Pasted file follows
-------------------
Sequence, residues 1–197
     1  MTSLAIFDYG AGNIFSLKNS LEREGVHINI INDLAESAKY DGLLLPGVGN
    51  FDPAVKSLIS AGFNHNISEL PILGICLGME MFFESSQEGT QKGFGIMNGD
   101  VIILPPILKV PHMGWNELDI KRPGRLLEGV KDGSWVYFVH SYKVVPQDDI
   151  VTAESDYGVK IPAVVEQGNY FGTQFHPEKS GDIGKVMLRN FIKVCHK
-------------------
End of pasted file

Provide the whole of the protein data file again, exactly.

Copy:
Sequence, residues 1–197
     1  MTSLAIFDYG AGNIFSLKNS LEREGVHINI INDLAESAKY DGLLLPGVGN
    51  FDPAVKSLIS AGFNHNISEL PILGICLGME MFFESSQEGT QKGFGIMNGD
   101  VIILPPILKV PHMGWNELDI KRPGRLLEGV KDGSWVYFVH SYKVVPQDDI
   151  VTAESDYGVK IPAVVEQGNY FGTQFHPEKS GDIGKVMLRN FIKVCHK